British bishop calls for annual celebration of Pope Francis’ Abu Dhabi declaration
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GLASGOW, Scotland, February 3, 2021 (LifeSiteNews) — A bishop in Scotland has said that he hopes there will be an annual celebration of the 2019 Abu Dhabi document, co-signed by Pope Francis and a Muslim imam, which states that “the diversity of religions” are “willed by God in His wisdom.”
Bishop Brian McGee of the diocese of Argyll, said that he hoped the Document on Human Fraternity for World Peace and Living Together, which was co-signed by Pope Francis and the Grand Imam of Al-Azhar University, Ahmad al-Tayyeb on February 4, 2019, could be celebrated every year on February 4, which has been designated the International Day of Human Fraternity by the United Nations.
“That way it can be a bridge between the Holocaust Memorial Day at the end of January, and Interfaith Harmony Week in the first week of February,” McGee said before playing an Arabic “message of support” from Mohamed Mahmoud Abdel Salam, the Secretary-General of the Higher Committee of Human Fraternity.
McGee was speaking at an online conference sponsored by the Scottish Catholic Bishops Conference and the Ahl Al Bait Society earlier this week, which was also attended by retired Cardinal Michael Fitzgerald and by the Muslim scholar, Sheik Mohammad Ali Shomali of Iran.
The online meeting, which attracted over 185 participants, included an introduction by Bishop Brian McGee, papers by Fitzgerald and Shomali, a brief exchange of remarks between the cardinal and the Muslim scholar, and questions from the virtual audience, read by moderator Sister Isabel Smyth, Secretary of the Scottish Bishops’ Committee for Interreligious Dialogue.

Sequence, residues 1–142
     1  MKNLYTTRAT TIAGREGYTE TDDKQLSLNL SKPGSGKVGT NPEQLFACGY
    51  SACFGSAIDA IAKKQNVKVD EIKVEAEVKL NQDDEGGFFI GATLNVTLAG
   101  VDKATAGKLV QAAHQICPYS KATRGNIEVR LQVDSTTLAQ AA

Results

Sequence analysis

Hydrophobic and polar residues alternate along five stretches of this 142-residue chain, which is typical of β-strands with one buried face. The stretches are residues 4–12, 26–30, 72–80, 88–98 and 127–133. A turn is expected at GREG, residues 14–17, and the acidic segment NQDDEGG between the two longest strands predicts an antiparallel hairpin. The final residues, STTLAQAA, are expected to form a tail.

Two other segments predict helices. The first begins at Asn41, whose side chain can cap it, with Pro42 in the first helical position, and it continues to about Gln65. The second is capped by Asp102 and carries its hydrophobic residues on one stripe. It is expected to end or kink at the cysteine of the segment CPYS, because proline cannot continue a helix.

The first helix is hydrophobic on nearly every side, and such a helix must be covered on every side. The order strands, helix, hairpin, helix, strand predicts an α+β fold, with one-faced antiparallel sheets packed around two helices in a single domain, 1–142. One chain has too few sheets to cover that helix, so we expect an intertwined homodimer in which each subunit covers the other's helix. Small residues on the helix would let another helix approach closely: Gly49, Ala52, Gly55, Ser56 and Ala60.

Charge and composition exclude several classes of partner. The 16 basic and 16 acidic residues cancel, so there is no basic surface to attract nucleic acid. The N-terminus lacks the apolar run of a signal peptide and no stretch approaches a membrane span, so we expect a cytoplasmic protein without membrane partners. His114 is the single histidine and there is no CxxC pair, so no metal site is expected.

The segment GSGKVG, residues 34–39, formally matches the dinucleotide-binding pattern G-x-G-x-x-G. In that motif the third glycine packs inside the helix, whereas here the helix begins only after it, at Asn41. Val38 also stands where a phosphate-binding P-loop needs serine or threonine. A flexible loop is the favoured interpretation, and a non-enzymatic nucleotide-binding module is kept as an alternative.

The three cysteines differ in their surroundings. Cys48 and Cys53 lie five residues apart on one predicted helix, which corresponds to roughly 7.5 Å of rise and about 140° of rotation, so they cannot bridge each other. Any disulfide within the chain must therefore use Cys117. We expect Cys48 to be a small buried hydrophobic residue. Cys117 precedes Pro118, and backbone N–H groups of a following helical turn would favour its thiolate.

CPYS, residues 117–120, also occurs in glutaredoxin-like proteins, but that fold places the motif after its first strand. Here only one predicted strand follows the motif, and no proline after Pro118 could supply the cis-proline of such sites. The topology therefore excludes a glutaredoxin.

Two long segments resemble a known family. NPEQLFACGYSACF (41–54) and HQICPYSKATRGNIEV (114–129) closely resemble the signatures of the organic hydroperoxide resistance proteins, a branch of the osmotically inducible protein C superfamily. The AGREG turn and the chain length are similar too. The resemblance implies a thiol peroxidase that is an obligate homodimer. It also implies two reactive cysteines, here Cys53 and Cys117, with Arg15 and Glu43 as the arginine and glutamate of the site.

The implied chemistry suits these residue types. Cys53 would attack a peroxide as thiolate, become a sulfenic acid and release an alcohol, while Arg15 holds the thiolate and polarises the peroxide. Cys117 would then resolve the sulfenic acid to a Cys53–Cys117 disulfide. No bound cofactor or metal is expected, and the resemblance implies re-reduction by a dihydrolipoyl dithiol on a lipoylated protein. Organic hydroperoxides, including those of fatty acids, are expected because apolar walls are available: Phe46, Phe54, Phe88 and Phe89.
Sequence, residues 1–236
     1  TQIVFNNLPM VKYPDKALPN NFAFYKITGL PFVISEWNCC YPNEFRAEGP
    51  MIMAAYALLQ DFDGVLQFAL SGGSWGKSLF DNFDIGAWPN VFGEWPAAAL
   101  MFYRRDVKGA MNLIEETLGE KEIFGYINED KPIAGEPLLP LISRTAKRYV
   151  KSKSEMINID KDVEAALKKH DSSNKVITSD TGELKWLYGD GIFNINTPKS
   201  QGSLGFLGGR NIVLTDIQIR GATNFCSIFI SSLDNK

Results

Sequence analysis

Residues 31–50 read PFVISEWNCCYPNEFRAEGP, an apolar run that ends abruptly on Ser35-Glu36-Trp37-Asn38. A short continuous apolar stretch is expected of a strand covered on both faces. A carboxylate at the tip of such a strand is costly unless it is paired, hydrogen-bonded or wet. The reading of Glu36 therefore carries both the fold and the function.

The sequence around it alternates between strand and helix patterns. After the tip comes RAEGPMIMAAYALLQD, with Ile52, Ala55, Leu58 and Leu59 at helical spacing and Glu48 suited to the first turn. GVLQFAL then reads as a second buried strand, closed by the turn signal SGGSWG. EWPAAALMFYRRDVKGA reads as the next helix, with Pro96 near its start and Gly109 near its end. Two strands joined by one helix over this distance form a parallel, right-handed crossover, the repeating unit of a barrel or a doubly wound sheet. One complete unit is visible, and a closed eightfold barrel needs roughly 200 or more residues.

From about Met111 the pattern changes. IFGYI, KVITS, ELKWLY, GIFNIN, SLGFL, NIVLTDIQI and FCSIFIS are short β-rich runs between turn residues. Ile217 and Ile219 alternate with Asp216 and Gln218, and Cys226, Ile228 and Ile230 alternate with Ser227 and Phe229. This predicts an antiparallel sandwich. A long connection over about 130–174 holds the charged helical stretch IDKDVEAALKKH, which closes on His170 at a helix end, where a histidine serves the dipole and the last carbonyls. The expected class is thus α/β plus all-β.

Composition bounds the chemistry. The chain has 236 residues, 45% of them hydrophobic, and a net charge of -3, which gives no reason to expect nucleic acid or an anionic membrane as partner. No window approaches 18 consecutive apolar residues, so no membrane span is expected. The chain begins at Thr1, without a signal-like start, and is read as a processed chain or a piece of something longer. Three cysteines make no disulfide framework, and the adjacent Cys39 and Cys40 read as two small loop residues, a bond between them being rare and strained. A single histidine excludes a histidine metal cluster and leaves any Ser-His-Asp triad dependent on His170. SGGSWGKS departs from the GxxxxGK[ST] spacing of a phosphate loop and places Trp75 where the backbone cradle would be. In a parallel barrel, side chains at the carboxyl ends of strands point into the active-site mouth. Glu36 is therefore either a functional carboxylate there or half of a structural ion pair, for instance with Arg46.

Caridnal Fitzgerald said during his speech that, in his view, the human fraternity document is “fully in agreement with the declaration Nostra aetate of Vatican II.”
‘Not everybody has been in agreement with this Document on Human Fraternity’
“Some people have criticized Pope Francis for a document that is ‘social’, they say, rather than theological,” Fitzgerald noted.
“And it is true that this document is geared more to cooperation in practical matters than to a deepening of theological understanding,” he conceded.
“And yet it is based on a theological understanding of creation, and sees the creative acts of God as the foundation for the fraternity that it desires to promote.”
Fitzgerald told the audience that the human fraternity document is “courageous, wide-ranging, realistic, but also a work in progress.”
“I think that the two leaders who signed this document have had the courage to engage with one another,” he said, before giving an overview of the contemporary history of dialogue between the Holy See and Muslim scholars. The talks were interrupted by the “commotion among Muslims” [inspired by reports concerning] Benedict XVI’s lecture in Regensburg. However, Ahmed Mohamed Ahmed El-Tayeb of Al-Azar went to Rome to meet Pope Francis in 2017, the first imam to go to Vatican City to meet a pope, and Pope Francis became the first pontiff to set foot on the Arabian Peninsula when he went to Abu Dhabi in 2019.